Psychometric Methods in Mathematics Education, JRME Monograph #15
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The fifteenth Journal for Research in Mathematics Education monograph had its origins in a conference titled An Interdisciplinary Conference on Assessment in K--12 Mathematics: Collaborations Between Mathematics Education and Psychometrics, which was held in 2011 in Atlanta, Georgia. The basis for the conference was the renaissance in the field of psychometrics in which an increasing variety of psychometric models are becoming available through advances in computer hardware and software. This is opening new avenues for studying the mathematical knowledge of teachers and students.
The overarching purpose of the monograph is to guide further interdisciplinary collaborations between mathematics education researchers and psychometricians by examining theoretical and conceptual issues that have arisen in recent efforts to apply contemporary psychometric models to mathematics education research. Specifically, its chapters are intended to (a) illustrate for mathematics education researchers the two main categories of psychometric models—models that locate individuals along continua and models that place individuals into discrete groups, as well as hybrids of these approaches; (b) provide examples that apply these different categories of psychometric models to mathematics education research; (c) illustrate how researchers have selected different psychometric models on the basis of the researchers’ goals and (d) demonstrate issues related to item development. With these goals in mind, the monograph will enhance an awareness among mathematics education researchers that it is increasingly possible to select from a variety of model options when pursuing particular research goals and that choosing among models involves trade-offs.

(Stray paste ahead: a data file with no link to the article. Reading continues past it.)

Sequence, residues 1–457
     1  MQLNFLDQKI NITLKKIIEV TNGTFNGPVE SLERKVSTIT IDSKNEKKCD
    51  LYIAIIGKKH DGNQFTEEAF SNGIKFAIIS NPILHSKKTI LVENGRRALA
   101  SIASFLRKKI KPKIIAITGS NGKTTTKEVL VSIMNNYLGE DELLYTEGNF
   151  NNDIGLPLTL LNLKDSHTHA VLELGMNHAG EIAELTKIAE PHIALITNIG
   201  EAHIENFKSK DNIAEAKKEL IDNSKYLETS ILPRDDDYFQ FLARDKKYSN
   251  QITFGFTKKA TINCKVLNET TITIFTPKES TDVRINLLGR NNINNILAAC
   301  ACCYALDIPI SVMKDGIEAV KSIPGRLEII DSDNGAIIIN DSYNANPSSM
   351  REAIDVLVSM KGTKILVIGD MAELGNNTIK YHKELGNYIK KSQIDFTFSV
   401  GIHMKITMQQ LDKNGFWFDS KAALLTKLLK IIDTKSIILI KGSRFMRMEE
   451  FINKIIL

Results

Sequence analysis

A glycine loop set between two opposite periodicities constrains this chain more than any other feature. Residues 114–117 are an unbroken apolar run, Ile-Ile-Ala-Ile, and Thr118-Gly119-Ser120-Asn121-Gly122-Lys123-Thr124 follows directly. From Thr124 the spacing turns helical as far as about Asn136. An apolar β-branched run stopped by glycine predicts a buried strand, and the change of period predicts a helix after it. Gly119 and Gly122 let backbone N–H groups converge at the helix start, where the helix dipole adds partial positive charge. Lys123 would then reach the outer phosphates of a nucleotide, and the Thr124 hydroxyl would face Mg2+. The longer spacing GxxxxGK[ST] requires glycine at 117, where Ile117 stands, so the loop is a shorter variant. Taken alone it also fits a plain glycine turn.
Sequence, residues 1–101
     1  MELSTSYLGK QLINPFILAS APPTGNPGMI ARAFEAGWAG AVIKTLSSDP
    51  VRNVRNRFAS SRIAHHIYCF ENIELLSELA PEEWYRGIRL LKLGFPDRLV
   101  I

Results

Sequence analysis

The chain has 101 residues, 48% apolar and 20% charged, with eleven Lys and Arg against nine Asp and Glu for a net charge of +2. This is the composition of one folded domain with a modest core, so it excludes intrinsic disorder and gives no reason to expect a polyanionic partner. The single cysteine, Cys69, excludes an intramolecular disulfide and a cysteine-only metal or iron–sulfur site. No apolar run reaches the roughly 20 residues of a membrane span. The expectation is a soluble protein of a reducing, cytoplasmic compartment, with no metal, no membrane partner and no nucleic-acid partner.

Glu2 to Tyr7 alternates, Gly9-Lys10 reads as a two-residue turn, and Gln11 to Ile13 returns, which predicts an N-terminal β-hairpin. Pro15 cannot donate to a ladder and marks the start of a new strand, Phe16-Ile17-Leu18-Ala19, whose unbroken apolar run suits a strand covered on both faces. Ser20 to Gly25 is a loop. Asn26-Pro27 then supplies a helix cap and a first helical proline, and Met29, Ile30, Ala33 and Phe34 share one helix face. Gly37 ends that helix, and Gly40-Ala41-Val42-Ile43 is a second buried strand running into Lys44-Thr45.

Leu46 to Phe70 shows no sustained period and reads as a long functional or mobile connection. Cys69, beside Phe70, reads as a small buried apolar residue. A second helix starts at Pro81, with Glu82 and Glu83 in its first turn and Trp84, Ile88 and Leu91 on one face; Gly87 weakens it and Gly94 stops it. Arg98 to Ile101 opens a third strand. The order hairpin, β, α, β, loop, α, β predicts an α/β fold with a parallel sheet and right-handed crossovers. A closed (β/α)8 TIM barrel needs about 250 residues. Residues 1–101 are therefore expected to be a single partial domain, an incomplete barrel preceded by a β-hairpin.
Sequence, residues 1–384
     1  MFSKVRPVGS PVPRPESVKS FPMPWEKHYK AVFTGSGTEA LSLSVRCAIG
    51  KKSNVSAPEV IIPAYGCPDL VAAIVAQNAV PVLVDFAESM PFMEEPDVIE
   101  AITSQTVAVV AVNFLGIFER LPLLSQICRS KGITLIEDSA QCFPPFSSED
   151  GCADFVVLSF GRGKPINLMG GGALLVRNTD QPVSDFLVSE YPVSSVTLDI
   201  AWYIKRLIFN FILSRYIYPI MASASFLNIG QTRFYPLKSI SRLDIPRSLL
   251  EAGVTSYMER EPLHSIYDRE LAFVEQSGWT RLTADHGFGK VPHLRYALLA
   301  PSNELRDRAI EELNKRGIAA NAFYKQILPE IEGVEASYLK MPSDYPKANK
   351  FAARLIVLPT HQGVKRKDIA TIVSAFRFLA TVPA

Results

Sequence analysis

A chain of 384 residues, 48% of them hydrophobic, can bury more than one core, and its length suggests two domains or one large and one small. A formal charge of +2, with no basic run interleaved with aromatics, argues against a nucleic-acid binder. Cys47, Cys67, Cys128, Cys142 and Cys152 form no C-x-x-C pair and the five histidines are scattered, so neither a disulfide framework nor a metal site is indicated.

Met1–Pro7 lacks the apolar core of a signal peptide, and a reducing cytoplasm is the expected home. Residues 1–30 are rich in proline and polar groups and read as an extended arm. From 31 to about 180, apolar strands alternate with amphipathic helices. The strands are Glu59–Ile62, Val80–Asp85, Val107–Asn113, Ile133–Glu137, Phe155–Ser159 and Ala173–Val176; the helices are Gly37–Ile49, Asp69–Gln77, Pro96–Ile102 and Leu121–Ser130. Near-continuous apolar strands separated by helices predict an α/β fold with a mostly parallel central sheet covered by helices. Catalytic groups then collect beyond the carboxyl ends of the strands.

Math Ed Podcasts, by Samuel Otten, featured Andrew Izsák and Jonathan Templin, two of the editors, in a discussion of Psychometric Models in Mathematics Education JRME monograph and their chapter entitled, "Coordinating conceptualizations of mathematical knowledge with psychometric models."
A follow-up podcast on Psychometric Models in Mathematics Education, Nicki Kersting discusses "Examining and understanding dimensionality in the context of instrument development" and Erik Jacobson and Janine Remillard discuss "The interaction between measure design and construct development: Building validity arguments."